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Shifting gears to the wider flavor spectrum of beers

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Shifting gears to the wider flavor spectrum of beers and craft beers out there, we findthat flavors are actually in abundance and the goal of serving temperature is to enhance,rather than mask. But it isn’t just a matter of arctic vs room temp. As withglassware, it’sabout what is right for what style of beer.A basic rule of thumb is higher alcohol, higher complexity beers should be served athigher temperatures, while lower alcohol and/or lower complexity beers are better atlower temperatures (stopping well short of frigidity). Color also is a roughly useful
indicator of serving temp, with lighter colored beers doing better at lower temps, anddarker beers doing better at warmer temps.Of course, when we say warm, we’re not really talking about “room temperature.” Noone drinks beer that warm, not even the Brits, who instead more often drink beer atcellar temperature, around 55 F. The range for beer drinking is basically between 40F and60F. To keep it simple, here’s a basic spectrum of appropriate temperatures for some ofyour favorite beers. (Bear in mind, personal preference always trumps recommendations.)40 and below: best reserved for mass-marketed, “lite,” and otherwise one-dimensionalrefreshment beers40 to 45: lagers, German Pilsners, wheat beers, Kolsch, lighter fruit beers, American darklagers, lighter in profile but with more available complexity45 to 50: American pale ales, IPAs, porters, stouts, Bohemian pilsner, English golden ale,Belgian ale, Spanish and French cider, unsweetened lambics and gueuzes50 to 55: Bocks, English beers (bitters and milds), Scottish ales, Brown ale, saison, Abbeydubbel55 to 60: stronger beers like Imperials, dopplebocks, barleywines6.7.7.4 Skunked BeerPepe Le Pew preferred wine. So what’s all this reference to “skunked” beer?It’s actually pretty simple, and yes, a fairly accurate comparison. Skunked is a term weuse when referringto beer that’s been compromised by exposure to UV rays. (Thetechnical term is, appropriately, “lightstruck.”) When that bottle of beer is opened—andskunked beer only happens in bottles—there will be an unmistakable aroma of “skunk,”which may or may not influence your desire to drink or discard the beer.The reason only bottled beer can be skunked is because UV rays can only reach the beerthrough glass bottles. Brown bottles do the best job at protecting the beer (about fourtimes more protected),while green bottles are more susceptible, and clear glass bottlesare (clearly) the most susceptible to skunking. While humans can slather on the SPF 50and wear hats the size of small boats, we can’t quite do the same for our beer. Sure, wecould put all of our beer in cans or brown bottles, but the industry is made up ofhundreds of breweries, each with its own entrenched marketing and branding. Greenglass and even clear glass bottles are not about to go away.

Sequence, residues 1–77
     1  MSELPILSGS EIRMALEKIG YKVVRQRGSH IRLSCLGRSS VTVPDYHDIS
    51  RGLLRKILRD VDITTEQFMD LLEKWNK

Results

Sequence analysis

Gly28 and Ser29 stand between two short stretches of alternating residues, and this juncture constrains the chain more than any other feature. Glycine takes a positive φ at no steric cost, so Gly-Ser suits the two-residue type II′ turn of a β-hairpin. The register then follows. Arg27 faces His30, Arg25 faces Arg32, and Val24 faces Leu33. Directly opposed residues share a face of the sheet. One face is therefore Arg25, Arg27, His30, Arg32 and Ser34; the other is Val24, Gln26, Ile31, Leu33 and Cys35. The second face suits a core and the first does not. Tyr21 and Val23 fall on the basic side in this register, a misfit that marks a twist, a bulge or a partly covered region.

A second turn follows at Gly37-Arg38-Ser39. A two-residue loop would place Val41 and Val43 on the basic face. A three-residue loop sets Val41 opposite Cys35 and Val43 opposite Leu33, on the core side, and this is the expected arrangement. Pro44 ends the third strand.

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Term
Summer
Professor
STARLETCALIWAN
Tags
Alcoholic beverage, beverage service industry, Front Bar

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